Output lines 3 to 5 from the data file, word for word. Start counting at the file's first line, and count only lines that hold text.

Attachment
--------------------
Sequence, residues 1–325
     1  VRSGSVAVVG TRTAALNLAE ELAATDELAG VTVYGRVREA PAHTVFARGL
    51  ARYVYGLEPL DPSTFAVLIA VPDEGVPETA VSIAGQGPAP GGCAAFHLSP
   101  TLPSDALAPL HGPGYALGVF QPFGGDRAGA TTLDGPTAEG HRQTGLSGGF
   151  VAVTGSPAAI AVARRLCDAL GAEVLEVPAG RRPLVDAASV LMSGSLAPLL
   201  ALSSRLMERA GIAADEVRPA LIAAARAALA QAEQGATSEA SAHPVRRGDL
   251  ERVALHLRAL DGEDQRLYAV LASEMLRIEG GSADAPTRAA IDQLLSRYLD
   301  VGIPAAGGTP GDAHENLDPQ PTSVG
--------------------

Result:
    51  ARYVYGLEPL DPSTFAVLIA VPDEGVPETA VSIAGQGPAP GGCAAFHLSP
   101  TLPSDALAPL HGPGYALGVF QPFGGDRAGA TTLDGPTAEG HRQTGLSGGF
   151  VAVTGSPAAI AVARRLCDAL GAEVLEVPAG RRPLVDAASV LMSGSLAPLL